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Can Teeth Whitening Burn Your Gums?

Posted by Aura Glow on

burned gums from teeth whitening

Teeth whitening may be one of the easiest and best ways to quickly improve your appearance, but when first exploring your options for brightening your smile, you may wonder “Is teeth whitening safe?"

It is always a good idea to research any product you will be putting in or on your body, and whitening products are no different. Even though at home whitening products have been used effectively by thousands of people every year, you should be aware that there are occasional mild side effects.

Can Teeth Whitening Damage Your Gums?

Whitening gels, like those available from AuraGlow.com, all contain the active ingredients like carbamide peroxide or hydrogen peroxide, which oxidize dark colors and effectively whiten your teeth.

These same compounds, if they get onto your gum tissue in significant amounts, can also burn or cause your gums to turn white temporarily.

In almost all cases, removing the gel will stop the irritation and your gums will return to their normal color in a short while.

How To Treat Sore Gums After Teeth Whitening?

If you have irritated or burned gums from teeth whitening, the first thing you need to do is to remove all the gel from your gum tissue. Wipe away all excess that may have gotten onto your gums and then rinse with warm salt water. This both helps remove residual gel and helps soothe and heal your gum tissues.

If soreness continues, you can take over the counter pain relievers such as ibuprofen to help with the symptoms and apply vitamin E oil to the irritated tissues as needed. Symptoms should not last more a few days.

How To Protect Gums During Teeth Whitening?

The most common cause of gum irritation or bleaching around the teeth after using at home whitening products is using too much product at once. If you see or feel whitening gel on your gum tissues, then be conscious of the amount you are placing the next time you whiten.

If the material is flowing out over your gums, then you are likely using too much. Lessen the amount of gel you are putting into your applicator tray the next time you whiten until it covers your teeth but does not ooze out over your gums.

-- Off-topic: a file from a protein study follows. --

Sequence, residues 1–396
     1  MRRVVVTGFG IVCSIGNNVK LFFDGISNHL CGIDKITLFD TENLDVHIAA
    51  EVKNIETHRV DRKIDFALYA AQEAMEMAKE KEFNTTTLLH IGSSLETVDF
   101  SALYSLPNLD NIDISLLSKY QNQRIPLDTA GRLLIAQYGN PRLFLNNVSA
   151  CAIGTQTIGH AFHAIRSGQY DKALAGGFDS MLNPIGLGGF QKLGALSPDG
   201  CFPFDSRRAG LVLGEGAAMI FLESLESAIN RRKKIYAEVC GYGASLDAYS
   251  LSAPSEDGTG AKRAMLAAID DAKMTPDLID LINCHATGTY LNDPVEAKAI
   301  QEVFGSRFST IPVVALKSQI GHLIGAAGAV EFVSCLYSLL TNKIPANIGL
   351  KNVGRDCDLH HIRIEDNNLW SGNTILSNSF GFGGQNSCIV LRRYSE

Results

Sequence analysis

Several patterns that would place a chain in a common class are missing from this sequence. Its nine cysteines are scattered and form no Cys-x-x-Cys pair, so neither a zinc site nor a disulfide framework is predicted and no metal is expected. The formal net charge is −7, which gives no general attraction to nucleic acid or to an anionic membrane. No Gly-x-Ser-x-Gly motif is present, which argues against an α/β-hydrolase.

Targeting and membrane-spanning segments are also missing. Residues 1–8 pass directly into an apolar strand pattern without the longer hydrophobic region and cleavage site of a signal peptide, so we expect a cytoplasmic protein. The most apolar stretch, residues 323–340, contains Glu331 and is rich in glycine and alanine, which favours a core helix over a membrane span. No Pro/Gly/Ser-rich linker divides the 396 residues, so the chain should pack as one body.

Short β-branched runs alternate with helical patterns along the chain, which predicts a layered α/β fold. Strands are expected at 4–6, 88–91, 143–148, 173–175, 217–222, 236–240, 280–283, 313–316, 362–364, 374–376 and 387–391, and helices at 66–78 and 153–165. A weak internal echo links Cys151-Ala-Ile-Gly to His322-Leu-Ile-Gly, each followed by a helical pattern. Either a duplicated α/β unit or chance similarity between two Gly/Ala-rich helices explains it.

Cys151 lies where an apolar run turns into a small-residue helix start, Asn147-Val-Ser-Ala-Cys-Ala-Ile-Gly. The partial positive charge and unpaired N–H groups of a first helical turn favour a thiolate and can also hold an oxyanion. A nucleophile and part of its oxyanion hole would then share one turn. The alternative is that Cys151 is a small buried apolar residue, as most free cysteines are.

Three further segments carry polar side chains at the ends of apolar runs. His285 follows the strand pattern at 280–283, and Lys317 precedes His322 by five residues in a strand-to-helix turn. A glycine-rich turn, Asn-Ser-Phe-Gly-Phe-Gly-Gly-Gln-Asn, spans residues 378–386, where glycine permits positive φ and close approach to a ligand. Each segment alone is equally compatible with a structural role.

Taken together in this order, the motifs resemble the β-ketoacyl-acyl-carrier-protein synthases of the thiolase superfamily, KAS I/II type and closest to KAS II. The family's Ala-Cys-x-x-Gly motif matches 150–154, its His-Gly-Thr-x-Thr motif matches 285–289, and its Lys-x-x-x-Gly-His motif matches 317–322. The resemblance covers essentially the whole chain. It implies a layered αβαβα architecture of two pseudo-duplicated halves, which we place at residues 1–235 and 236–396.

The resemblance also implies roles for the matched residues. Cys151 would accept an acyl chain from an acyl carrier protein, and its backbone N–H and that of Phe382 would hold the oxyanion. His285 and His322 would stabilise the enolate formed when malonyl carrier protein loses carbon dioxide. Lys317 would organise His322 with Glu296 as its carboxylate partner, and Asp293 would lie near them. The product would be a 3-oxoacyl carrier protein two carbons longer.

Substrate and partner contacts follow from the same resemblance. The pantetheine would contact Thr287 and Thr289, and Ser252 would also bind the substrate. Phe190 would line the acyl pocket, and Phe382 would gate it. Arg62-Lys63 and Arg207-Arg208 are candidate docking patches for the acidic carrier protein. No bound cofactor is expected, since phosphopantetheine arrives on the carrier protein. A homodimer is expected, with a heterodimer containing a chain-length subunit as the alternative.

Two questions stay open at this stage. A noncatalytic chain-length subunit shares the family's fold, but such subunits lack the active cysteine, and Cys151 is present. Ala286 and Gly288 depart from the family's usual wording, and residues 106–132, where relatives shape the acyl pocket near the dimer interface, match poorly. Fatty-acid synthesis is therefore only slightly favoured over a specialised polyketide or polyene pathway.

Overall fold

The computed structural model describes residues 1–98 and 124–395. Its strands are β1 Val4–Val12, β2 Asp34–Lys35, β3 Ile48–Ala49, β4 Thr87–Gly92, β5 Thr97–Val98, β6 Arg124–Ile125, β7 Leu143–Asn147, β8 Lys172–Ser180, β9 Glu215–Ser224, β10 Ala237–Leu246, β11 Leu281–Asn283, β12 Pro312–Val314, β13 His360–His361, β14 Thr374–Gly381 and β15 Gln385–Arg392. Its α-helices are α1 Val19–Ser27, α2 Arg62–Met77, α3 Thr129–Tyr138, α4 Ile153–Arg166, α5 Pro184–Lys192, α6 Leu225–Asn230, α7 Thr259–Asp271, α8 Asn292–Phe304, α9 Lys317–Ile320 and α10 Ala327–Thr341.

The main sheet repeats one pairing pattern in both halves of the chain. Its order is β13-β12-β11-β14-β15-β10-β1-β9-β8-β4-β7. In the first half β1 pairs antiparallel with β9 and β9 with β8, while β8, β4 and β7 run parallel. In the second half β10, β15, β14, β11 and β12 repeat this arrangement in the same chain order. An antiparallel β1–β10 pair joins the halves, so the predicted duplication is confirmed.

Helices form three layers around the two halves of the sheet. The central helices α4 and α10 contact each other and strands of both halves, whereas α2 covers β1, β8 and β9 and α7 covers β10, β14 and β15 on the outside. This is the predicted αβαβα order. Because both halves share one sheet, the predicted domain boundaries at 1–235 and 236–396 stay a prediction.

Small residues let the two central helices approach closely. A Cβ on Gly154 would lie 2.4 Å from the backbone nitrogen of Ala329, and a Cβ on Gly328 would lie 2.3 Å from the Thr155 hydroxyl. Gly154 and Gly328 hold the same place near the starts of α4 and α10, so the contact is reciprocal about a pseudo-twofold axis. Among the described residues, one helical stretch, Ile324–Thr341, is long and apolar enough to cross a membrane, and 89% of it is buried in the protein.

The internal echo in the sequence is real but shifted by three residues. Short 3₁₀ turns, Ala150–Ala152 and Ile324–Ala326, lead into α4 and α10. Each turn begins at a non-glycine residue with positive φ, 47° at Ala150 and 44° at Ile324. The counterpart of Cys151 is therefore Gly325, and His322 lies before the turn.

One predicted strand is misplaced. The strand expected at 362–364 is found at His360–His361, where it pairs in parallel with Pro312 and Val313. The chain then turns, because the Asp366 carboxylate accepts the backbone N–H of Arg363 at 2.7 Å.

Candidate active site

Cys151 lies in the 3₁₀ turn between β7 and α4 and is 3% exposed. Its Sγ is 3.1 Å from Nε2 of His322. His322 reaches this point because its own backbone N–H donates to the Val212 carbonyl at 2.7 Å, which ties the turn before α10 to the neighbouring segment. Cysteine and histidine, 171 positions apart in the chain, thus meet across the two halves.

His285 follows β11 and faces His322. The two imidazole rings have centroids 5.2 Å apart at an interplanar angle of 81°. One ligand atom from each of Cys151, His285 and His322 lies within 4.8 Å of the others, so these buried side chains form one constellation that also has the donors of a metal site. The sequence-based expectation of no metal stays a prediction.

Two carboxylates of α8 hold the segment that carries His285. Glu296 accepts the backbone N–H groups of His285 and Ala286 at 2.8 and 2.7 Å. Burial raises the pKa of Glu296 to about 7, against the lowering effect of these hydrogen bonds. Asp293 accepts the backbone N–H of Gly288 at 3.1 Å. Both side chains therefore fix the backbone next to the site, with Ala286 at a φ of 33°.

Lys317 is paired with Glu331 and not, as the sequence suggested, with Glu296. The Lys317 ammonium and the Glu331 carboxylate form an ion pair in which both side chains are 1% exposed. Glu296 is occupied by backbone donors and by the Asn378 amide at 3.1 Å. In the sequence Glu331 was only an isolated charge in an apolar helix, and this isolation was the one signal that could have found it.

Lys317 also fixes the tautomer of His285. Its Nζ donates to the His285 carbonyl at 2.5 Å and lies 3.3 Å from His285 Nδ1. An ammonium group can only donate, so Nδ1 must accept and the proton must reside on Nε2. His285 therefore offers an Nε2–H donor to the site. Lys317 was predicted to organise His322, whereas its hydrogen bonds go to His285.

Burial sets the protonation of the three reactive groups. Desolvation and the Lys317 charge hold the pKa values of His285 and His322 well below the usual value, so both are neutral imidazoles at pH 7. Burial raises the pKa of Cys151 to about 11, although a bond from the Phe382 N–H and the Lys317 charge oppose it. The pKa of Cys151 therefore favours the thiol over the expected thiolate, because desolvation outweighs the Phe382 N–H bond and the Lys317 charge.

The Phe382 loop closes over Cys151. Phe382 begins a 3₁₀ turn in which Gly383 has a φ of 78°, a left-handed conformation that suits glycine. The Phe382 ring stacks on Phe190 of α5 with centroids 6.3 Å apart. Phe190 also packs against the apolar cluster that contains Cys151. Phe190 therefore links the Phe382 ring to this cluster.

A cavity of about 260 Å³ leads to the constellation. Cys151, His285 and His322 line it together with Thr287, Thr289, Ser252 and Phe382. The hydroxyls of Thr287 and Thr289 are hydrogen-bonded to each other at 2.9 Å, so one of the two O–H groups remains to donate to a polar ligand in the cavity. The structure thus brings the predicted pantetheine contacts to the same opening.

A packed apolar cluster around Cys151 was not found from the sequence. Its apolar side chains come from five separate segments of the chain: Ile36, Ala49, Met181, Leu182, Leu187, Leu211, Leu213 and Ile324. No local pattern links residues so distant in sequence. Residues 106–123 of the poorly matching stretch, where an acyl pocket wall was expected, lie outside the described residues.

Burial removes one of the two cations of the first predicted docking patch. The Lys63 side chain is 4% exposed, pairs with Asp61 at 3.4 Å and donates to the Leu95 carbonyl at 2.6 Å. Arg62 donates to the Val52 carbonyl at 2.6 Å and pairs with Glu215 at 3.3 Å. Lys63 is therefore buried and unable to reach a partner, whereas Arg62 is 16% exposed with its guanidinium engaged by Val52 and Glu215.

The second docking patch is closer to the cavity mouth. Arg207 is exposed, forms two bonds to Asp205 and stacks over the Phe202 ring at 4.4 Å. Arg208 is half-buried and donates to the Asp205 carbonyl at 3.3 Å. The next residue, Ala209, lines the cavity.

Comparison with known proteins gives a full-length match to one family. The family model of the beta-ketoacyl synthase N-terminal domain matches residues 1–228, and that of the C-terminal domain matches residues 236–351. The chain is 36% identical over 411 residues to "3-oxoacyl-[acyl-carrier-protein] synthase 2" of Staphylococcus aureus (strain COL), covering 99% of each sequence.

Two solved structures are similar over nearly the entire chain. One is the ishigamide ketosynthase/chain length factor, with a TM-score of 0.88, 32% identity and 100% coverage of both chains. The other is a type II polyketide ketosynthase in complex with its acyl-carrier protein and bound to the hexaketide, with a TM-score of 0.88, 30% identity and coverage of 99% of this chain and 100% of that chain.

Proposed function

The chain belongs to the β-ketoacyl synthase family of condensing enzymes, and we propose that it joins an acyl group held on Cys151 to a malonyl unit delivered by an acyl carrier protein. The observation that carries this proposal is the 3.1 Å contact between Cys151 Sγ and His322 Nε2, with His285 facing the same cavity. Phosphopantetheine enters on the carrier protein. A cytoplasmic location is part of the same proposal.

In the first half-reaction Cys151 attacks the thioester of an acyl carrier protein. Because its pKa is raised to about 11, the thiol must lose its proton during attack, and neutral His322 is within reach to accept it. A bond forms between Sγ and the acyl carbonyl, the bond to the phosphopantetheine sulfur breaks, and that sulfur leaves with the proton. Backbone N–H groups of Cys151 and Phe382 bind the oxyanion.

Alternatively, consider using a teeth whitening pen. Take care to keep the whitening product only on your teeth and off of your gums.

Best Teeth Whitening For Sensitive Gums

Sensitive gums are a common issue with many tooth whitening methods, especially those containing active ingredients such as hydrogen peroxide or carbamide peroxide. If these products come in contact with the gum tissue for too long, they may result in irritation, burning, or temporary blanching of the gums.

If your issue is simply tooth staining from things like coffee or nicotine instead of tooth enamel discoloration, you may want to initially use whitening toothpastes or try natural methods to see if they help.

These products usually do not irritate the gums. Just be aware that such products are great at removing stain from the outside of the teeth, but do not actually change the color of the tooth enamel itself.

If these methods are unable to get you the bright smile you desire, then consider stepping up to an at home gel like our carbamide peroxide teeth whitening gel or our Radiant Effects Kit with teeth whitening trays.

Using custom trays helps keep the whitening gel in place on your teeth and off your gums. Just be sure to use only a small amount of gel in each tooth indentation on the trays to prevent oozing onto your gum tissues.

There are many available options when it comes to tooth whitening. In general, the stronger, more aggressive the whitening method, the more potential there is for irritation or sensitivity.

By knowing how to best use these whitening methods, however, you can safely and effectively achieve the bright smile you desire with minimal to no discomfort.


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